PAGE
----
Today’s latest YouGov poll for The Telegraph shows support for Gordon Brown hitting a new low of 23% – lower than John Major or even Michael Foot ever managed to achieve at their respective nadirs. David Cameron’s Tories, meanwhile, are sitting pretty on 47%, giving them a massive 24% lead.
This obviously points a deepening crisis for Labour’s leadership. Calls for the PM’s head will intensify up to and beyond this autumn’s party conference, assuming no new setback makes his position untenable before then. Yet a more careful parsing of the poll numbers may give them a small crumb of comfort.
Compare today’s numbers 47-23 with YouGov’s findings just 9 months ago in September 2007 (just prior to the â€˜non election’), which saw Labour on 43% and the Conservatives on 32%. What this shows is not just the cataclysmic reversal of fortunes suffered by an increasingly unpopular Prime Minister, but also the hugely febrile mood of the British electorate.
This is where Gordon can find his crumb these numbers are incredibly soft. Andrew Cooper, Director of Populus, recently told a team of Mandate consultants that, in his view, the ‘hard’ support for both parties was lower than 40%, meaning that a large proportion of the electorate remains ‘in play’. Furthermore, given the small sample sizes used by UK pollsters (YouGov spoke to just over 2000 people) there is quite a large margin of error involved. Number 10 will be hoping that, if Labour can chalk up a few wins’ over the next few months, and if the cracks start appearing in Cameron’s image (two very big ifs), there is still room for a large shift back to Labour.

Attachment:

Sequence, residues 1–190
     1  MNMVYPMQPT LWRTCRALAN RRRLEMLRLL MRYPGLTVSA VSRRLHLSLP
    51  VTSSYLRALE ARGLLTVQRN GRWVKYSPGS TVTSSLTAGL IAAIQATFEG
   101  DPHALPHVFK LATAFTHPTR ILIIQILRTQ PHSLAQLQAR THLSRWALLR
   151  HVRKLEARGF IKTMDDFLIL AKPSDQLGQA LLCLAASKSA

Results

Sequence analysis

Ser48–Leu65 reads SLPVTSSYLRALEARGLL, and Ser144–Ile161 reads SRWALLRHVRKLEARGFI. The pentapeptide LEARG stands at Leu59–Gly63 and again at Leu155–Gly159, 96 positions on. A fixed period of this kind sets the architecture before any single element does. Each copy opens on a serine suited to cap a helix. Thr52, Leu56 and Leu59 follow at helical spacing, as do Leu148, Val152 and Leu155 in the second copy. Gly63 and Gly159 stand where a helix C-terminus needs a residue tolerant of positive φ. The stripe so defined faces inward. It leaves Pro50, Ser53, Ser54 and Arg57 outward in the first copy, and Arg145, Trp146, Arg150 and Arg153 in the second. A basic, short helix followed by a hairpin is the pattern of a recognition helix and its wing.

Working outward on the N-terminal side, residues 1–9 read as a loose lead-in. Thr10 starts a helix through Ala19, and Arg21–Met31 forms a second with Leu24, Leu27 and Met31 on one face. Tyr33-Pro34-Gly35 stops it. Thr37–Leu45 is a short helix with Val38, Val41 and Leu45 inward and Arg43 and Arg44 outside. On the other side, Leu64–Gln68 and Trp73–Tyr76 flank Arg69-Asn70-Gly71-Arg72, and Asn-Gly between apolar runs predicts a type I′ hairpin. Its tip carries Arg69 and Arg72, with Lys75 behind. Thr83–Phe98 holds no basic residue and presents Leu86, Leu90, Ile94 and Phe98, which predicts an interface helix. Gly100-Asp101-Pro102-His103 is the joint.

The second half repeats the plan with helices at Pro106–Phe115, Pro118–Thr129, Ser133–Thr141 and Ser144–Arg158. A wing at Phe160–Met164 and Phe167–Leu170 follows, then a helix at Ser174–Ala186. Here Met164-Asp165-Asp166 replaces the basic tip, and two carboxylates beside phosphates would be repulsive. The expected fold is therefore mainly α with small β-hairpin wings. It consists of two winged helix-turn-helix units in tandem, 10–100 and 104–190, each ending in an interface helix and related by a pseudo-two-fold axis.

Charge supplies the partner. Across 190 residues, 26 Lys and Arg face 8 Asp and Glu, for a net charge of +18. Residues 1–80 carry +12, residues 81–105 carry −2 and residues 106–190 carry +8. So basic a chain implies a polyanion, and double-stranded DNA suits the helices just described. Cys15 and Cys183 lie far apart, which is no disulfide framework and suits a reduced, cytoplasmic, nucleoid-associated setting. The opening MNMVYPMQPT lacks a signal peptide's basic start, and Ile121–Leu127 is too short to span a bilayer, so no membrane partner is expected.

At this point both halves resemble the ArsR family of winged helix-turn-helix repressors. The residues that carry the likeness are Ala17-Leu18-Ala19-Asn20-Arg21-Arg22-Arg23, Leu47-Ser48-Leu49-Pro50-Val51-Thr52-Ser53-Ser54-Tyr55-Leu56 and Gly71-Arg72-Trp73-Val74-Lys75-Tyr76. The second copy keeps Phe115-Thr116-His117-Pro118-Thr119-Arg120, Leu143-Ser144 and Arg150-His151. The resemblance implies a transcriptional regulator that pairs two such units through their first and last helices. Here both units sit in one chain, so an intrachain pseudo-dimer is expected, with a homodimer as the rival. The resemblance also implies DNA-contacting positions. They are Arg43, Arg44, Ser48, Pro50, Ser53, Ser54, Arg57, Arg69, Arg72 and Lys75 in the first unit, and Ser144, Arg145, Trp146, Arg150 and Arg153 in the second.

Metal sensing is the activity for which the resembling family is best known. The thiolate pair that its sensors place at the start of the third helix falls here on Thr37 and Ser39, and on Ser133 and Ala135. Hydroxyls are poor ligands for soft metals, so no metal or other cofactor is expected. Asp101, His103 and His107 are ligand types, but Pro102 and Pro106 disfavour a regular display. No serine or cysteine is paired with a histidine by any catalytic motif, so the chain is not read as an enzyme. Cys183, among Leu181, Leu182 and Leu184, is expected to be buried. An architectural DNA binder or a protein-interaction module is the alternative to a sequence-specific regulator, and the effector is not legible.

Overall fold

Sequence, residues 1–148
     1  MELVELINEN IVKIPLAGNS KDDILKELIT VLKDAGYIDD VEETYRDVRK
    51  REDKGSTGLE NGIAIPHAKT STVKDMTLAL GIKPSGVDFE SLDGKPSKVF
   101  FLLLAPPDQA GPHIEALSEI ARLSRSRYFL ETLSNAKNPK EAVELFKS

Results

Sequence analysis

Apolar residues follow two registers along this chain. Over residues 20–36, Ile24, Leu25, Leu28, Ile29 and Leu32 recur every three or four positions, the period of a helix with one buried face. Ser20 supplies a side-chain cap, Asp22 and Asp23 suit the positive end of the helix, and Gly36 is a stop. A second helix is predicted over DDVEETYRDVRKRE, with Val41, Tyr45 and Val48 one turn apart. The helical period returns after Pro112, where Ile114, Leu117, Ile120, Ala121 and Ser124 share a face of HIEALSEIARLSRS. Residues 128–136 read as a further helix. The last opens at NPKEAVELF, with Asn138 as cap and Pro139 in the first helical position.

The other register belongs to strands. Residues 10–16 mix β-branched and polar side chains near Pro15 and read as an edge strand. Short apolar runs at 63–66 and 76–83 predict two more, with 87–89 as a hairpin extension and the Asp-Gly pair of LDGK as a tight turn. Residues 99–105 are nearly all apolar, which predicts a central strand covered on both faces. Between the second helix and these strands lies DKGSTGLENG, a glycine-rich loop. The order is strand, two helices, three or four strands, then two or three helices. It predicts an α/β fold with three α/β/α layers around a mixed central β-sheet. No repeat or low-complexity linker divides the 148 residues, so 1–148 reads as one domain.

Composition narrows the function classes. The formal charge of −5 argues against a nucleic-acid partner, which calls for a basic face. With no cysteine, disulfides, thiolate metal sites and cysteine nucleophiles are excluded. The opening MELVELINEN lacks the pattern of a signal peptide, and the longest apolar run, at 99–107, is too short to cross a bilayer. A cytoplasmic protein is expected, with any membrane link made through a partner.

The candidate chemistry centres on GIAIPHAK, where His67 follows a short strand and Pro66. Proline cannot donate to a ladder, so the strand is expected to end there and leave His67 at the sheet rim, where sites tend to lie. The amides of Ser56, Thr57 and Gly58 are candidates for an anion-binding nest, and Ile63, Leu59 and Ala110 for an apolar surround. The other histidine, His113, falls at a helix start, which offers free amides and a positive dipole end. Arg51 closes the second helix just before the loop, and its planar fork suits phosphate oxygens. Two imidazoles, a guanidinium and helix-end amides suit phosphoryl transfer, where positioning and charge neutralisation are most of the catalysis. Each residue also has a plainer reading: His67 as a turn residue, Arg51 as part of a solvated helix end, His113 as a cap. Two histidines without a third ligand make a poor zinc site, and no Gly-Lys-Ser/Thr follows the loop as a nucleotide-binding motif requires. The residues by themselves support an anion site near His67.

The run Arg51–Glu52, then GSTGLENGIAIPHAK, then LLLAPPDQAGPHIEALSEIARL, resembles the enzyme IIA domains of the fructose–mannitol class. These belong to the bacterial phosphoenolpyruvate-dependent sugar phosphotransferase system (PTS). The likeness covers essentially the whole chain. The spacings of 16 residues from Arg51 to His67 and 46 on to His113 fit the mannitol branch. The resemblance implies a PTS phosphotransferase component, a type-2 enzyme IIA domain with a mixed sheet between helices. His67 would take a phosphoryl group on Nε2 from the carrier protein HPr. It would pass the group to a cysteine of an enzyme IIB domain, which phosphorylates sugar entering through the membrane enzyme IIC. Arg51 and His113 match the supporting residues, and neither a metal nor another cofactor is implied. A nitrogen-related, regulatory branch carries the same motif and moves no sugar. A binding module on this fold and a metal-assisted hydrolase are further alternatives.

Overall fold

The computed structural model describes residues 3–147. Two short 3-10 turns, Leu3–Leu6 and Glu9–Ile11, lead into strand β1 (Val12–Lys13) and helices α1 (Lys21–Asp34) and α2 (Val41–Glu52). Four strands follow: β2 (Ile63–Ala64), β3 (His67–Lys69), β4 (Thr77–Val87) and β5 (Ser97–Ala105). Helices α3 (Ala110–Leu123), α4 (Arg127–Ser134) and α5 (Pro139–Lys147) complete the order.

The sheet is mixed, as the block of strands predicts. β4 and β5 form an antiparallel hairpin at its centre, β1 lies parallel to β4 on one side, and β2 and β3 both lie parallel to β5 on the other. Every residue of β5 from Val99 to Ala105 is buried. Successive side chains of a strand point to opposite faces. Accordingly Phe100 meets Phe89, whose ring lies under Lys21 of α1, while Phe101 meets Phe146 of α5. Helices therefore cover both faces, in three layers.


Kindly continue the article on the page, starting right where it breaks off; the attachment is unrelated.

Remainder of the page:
However, this should be caveated by stating the obvious: that Gordon Brown and Labour remain in real trouble and at this stage it is very difficult to see how they escape from a hammering at the next general election. The major parties’ own internal polling which tends to be much more comprehensive and accurate than the short and sweet polls put together for the headline-hungry newspapers bear out the findings of the media polls. Taken together, they make very grim reading for the PM.
Perhaps he can console himself by looking at the polls on the other side of the Atlantic, which enable US news outlets to make very confident-sounding announcements off the back of even tinier poll samples. A recent New York Times poll which gave Barack Obama a 12% lead over Hillary Clinton was based on interviews with just 283 voters, a process described in an excellent analysis of the US primaries by the insightful commentator David Runciman as akin to ‘throwing darts at a board’.
These American polls are so feeble that their findings are entirely useless as a mirror of public opinion. At least Britain’s polls leave Gordon Brown in little doubt as to the position that he finds himself in, although it’s unlikely that he will see that as a good thing today.